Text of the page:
Sports writers will miss Roger Federer as much as his fans

RAND FEDERER He wasn’t the greatest male tennis player ever. Cold, harsh statistics betray this fact. Rafael Nadal has won more Grand Slam titles, as have Novak Djokovic, and Mr. Federer is off to a good start, winning six of 20 titles between 2003 and 2005, a weaker period in men’s tennis. (Mr. Nadal only joined the pro track in 2003 with Mr. Djokovic in 2001.) All three earned a similar percentage of points overall. Both Mr. Djokovic and Mr. Nadal have a better track record of taking their chances and transforming their breaking points. Mr. Djokovic beat Mr. Federer in 54% of their matches; Mr. Nadal won 60% of the time.

But Mr. Federer, who played his last games professionally this weekend, will be remembered as the greatest tennis player of all time. And greatness, which deals with more abstract questions like character and style, serves better with literature. The Swiss maestro was a subject of admiration for writers as well as among millions of his admirers. Countless columns and books have explored what makes Mr. Federer an almost godlike figure. In 2006, when Mr. Federer was just 25 years old, American novelist and essayist David Foster Wallace famously compared watching him use a racket with a “religious experience”.

The style of tennis Mr. Federer played was undeniably elegant, whether he won or lost. Where Mr. Djokovic’s play stands out for its consistency and Mr. Nadal’s for strength, then the hallmark of Mr. Federer’s tennis is its elegance. His movement on the field seemed effortless; usually ballistic. He placed his shots in the tightest spaces and produced aces at will. His one-handed backhand was a good thing in an age of increased power. He transformed the “Tweener” (hitting the legs while retreating) from a trick to a weapon. Sometimes he had a sense of humor. He sent his opponents out frequently, knowing they would then struggle on the field to close the empty space but then place the ball in the same spot they had just vacated.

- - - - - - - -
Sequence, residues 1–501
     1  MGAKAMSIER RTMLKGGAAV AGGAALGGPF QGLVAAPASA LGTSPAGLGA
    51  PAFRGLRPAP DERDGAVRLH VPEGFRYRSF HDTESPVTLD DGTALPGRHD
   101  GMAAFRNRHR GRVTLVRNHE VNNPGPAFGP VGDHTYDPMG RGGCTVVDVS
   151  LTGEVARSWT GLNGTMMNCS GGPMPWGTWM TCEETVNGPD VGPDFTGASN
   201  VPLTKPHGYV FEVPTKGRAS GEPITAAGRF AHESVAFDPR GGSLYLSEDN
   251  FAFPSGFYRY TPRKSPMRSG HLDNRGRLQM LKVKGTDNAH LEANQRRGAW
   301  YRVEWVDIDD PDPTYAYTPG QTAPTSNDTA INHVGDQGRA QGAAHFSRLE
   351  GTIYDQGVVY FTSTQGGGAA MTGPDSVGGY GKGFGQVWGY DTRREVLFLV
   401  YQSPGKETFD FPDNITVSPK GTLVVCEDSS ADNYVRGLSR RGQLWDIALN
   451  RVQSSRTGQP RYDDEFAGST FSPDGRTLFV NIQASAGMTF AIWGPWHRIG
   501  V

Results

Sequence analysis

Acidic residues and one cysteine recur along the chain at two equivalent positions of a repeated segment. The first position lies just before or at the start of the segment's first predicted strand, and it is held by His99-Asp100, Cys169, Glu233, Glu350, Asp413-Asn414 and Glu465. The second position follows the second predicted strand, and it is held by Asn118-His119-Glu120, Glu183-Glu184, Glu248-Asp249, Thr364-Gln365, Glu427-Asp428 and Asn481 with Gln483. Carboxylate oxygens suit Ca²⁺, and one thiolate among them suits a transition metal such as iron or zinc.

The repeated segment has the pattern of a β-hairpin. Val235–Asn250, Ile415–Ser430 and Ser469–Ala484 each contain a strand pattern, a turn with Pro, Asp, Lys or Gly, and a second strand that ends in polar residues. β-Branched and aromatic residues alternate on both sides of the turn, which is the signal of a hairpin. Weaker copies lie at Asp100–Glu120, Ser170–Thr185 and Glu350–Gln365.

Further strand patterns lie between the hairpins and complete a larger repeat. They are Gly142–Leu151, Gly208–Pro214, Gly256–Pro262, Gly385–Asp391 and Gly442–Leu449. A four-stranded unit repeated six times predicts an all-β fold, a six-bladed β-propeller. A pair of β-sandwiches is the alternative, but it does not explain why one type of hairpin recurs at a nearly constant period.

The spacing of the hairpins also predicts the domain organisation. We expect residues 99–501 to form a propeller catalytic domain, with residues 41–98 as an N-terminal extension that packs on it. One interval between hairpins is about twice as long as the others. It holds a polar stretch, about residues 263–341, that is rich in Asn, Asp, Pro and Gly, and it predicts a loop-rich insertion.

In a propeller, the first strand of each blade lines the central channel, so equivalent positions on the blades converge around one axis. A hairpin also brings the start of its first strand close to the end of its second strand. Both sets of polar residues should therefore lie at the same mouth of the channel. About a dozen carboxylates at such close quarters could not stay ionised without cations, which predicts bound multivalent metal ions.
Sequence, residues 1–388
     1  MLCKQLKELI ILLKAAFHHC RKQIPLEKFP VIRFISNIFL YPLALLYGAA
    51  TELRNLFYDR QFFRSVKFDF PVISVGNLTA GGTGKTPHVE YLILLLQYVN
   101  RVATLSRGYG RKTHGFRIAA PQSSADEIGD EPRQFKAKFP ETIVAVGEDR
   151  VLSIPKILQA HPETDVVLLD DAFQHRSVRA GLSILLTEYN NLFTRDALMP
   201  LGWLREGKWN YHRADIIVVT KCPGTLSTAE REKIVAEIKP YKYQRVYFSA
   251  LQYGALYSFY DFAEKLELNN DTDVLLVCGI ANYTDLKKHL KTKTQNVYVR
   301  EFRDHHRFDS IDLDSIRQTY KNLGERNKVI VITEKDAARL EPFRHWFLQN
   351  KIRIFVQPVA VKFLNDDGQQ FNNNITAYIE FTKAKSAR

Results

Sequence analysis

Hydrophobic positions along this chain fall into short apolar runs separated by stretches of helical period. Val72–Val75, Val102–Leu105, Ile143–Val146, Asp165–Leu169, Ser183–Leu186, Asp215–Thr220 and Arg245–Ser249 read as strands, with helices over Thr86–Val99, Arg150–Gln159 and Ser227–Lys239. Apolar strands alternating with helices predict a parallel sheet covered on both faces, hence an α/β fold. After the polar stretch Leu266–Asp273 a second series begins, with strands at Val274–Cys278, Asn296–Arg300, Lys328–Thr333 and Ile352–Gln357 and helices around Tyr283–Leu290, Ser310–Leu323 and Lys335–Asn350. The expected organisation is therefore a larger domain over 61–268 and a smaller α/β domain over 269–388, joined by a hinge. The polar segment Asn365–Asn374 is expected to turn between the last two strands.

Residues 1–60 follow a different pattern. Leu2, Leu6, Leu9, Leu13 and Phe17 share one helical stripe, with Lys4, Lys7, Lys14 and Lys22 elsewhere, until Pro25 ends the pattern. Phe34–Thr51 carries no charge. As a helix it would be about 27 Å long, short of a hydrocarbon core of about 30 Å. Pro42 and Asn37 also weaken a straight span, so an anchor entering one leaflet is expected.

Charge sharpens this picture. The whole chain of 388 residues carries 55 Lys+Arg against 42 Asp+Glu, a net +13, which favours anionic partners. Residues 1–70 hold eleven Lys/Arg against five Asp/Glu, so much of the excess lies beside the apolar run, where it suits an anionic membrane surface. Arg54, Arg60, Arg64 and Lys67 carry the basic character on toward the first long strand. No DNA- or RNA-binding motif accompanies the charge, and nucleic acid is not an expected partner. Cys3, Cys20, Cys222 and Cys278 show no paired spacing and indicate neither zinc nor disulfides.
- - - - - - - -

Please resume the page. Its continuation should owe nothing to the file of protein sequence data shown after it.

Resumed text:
Capturing this brilliance posed an exciting challenge for sportswriters, forcing them to come up with exaggerated analogies or a dictionary. In a book about his years-long obsession with the tennis player, William Skidelsky remembers watching a match in 2006 and finding Mr. Federer’s skill “supernatural, enormous, with a majesty I’ve never seen on a tennis court.” In a recent book, Geoff Dyer thought that the actor often seemed to be “moving in a different, more convenient dimension of time.” Foster Wallace admitted that he didn’t really capture the experience of “witnessing firsthand the beauty and genius of a person.” [Mr Federer’s] the game. You have to approach aesthetic things indirectly, talk about it, or try to define it in terms of what it is not – as Aquinas did with his own indescribable subject.

The focus on Mr. Federer’s play on the field has been sharpened because it gives the writers little to discuss. As Christopher Clarey puts it in “The Master,” Mr. Federer’s career has been one of “controversial little and glimpses into his personal life, long-standing benevolence and Corinthian spirit.” As a teenager he struggled with his temper, but as an adult he became a cold-blooded and honorable opponent; He did not scold his coaches between points and rarely shouted in frustration. (But occasional “jawohl”—“yes”—celebrations were not uncommon.) Nor did he use sport as “a platform for higher or sharper ends,” as Mr. Clarey put it. The perfect Swiss almost always wore a neutral expression.

For many writers, Mr. Federer’s unusually long career has had the ecstatic highs, unexpected lows, and misfortunes necessary for any great story. Mr. Federer rose to the top of tennis in his early 20s and remained there for over a decade, setbacks and injuries that left many wondering if he would ever return. When he triumphed over his old foe, Mr Nadal, at the Australian Open in 2017, he was touted as one of the sport’s greatest comebacks. The knowledge that Mr. Federer was not invincible, that he would one day stop playing, as Mr. Dyer suggested, gave more meaning to the show: “Our ability to appreciate what we saw – what we had previously accepted as natural – was itself greatly improved.”

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